Museums as travel in time and space; or, how plants led me to some unexpected realizations
This summer, I had the absolutely wonderful experience of interning at the Huntington Library, Art Collections, and Botanical Gardens in lovely, sunny San Marino, California. An institution unlike any other, The Huntington combines three separate collections to form a greater, interdependent whole (yes, the botanical gardens are just as much a collection as the art and library materials—there’s even a Curator of the Rose Garden, which is a title that I aspire to hold one day, despite my complete and utter lack of plant-based knowledge).
As an intern in the art division, I spent the majority of my time not only working on projects in the offices, the galleries, and the library, but walking the grounds between those spaces, too—acres and acres of breathtaking botanical gardens dotted with different architectural styles which culminate in an unexpectedly coherent whole. There are whole gardens devoted to everything from the humble herb to tropical jungles. As the Huntington’s website notes, this is a place where one can “enjoy being overwhelmed.”
One day, during my lunch break, I decided to see just how much ground I could cover in the gardens in the span of half an hour. I found that could easily move from the Neo-classical space just outside the art division offices, through rows of over a thousand rose cultivars and into the Japanese gardens, whose shady, verdant slopes and carefully trimmed bonsai trees seemed to transport me to another continent entirely, despite the relentlessly dry, three-figure southern Californian heat. I reveled in the fact that I had so many different options. I could move onto the poetic expanse of the Chinese garden, or transport myself somewhere wholly different, to the dazzling and ever-changing colors of the subtropical garden. What a privilege it is, I thought, to feel as if I’ve traveled so far without even leaving the Huntington’s grounds.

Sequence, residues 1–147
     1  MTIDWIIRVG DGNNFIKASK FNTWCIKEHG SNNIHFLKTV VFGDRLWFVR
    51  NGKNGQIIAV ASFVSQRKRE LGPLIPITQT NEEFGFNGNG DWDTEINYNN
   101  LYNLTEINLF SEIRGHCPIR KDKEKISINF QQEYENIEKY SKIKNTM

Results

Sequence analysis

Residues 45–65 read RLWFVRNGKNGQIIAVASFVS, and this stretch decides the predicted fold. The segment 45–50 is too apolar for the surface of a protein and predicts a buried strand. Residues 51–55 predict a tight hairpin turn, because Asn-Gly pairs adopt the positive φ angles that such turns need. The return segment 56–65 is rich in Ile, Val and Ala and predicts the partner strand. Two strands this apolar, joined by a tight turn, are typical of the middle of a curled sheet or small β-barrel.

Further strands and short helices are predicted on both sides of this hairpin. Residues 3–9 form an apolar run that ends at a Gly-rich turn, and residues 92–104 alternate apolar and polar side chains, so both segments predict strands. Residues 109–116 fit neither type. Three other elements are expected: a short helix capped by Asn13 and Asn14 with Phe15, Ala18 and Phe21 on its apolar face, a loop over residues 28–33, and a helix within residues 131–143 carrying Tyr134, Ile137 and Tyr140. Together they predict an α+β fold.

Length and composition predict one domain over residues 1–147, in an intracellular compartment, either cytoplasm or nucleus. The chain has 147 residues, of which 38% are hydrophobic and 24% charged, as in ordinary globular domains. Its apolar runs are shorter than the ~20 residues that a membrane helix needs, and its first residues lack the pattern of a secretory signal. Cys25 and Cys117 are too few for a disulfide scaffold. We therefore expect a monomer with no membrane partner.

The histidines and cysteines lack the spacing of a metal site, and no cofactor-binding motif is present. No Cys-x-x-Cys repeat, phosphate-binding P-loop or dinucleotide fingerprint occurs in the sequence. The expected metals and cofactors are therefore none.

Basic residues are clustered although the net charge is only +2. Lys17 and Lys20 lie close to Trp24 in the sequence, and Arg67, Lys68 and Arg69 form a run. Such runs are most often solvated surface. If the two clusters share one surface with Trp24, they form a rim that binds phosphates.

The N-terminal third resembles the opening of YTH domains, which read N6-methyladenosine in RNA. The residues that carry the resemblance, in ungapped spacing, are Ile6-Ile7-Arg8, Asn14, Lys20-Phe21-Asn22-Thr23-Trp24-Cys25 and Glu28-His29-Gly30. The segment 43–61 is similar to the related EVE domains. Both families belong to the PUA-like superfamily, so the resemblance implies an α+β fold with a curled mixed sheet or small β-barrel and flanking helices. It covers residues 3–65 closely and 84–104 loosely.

Then it struck me. This is one of the great privileges afforded to us by institutions like the Huntington, as well as our very own museum at Princeton. It seems obvious enough, and yet I had never really considered that it was this ease of movement between the unique microcosms of different times and spaces, past and present, which contributed so much meaning to my multifaceted experience as a museum-goer. It was my walk through the different gardens of the Huntington which augmented this phenomenon to the point that I could immediately realize just how magical the coexistence of those spaces is.
I’m looking forward to coming back to campus in the fall and experiencing our own collection through this new lens. I’m sure this will be particularly exciting and somewhat different from my experience at the Huntington, as we have an encyclopedic collection ranging from ancient Greco-Roman art to modern and contemporary pieces. Keeping in mind that throughout the history of art, the past often informs the present, one is reminded that the ability to contain these connections under one roof, and to experience so many places and times at once is something quite spectacular. Perhaps, one might say, as spectacular as time travel.